Meningitis C Booster Offered To Teenagers In Lothian

The NHS Lothian school nurse team is currently offering the teenage booster vaccination in schools across Lothian as part of the annual immunisation programme.

This year for the first time S3 pupils will also be offered a booster against Meningitis C and Septicaemia at the same time as the traditional teenage booster.

This immunisation finalises routine vaccines for teens, protecting against Tetanus, Diphtheria and Polio (Td/IPV). These diseases all attack the nervous system and were responsible for many deaths in the UK before the immunisations were introduced.  Four doses of this combined vaccine are given to infants, and this teenage booster is the fifth and final part of the course to allow for longer term protection.

The “MenC” vaccination, which will now accompany the teenage booster, protects against meningococcal group C bacteria which can cause Meningitis (an infection of the lining of the brain) and Septicaemia (blood poisoning). The symptoms of both conditions come on very quickly and can cause permanent disability and death.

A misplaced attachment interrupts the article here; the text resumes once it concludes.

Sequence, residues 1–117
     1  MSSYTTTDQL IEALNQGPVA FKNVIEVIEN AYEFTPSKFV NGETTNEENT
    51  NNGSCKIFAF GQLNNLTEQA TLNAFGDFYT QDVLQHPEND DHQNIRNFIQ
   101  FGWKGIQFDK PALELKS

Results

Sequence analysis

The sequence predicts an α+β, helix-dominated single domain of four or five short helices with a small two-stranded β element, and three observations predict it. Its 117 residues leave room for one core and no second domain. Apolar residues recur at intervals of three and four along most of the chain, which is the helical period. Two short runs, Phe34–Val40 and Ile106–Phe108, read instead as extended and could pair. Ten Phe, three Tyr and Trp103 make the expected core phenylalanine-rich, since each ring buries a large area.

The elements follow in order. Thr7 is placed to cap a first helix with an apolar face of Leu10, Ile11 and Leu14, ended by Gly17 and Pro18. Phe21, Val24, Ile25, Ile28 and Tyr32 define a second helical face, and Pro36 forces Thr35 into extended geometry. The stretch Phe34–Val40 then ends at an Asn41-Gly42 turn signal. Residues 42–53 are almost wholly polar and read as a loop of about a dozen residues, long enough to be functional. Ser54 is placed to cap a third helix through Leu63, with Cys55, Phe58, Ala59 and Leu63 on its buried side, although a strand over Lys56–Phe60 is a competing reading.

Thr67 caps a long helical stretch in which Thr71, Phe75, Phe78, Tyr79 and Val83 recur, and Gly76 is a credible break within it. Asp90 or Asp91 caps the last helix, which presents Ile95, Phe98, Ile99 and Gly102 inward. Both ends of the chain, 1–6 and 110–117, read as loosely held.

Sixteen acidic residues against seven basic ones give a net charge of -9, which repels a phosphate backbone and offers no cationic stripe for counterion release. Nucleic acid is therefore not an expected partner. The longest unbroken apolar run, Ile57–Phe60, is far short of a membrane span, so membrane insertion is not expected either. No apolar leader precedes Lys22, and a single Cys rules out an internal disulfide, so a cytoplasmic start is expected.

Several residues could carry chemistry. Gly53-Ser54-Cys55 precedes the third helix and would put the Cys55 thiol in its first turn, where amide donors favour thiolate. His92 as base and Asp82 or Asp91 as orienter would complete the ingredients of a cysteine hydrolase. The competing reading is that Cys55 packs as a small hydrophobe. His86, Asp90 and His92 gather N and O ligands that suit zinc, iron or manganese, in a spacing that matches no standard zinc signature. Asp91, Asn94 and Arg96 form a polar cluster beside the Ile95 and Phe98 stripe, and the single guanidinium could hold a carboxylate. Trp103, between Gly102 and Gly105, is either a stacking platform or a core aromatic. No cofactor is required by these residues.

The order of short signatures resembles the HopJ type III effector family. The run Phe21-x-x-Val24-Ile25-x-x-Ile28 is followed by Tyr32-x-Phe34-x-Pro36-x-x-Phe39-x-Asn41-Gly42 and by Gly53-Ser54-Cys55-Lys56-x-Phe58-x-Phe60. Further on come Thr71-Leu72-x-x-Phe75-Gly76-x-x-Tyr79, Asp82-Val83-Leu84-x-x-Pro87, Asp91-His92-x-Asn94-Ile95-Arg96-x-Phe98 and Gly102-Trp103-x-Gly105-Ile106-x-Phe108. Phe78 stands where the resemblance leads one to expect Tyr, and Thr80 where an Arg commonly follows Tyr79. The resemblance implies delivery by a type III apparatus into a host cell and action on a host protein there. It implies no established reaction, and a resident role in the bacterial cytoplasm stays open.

Children currently receive immunisations against such diseases at a young age. However, research has shown that the length of protection against Meningitis C is increased when a booster dose is given in the early teenage years..

Dr Lorna Willocks, Immunisation Co-ordinator, NHS Lothian said:

“Immunisation is the safest and most effective way to prevent these serious diseases. We are now offering the Meningitis C vaccination at the same time as the teenage booster and we would encourage all young people take this opportunity to protect themselves.”

These booster vaccinations provide fuller protection against meningitis C and other serious diseases before young people leave school and enter further education, employment and the wider world.

Teenage booster vaccination letters and consent forms are being sent home with S3 school pupils across Lothian and parents are urged to ensure young people take advantage of the vaccine and protect themselves from these serious illnesses.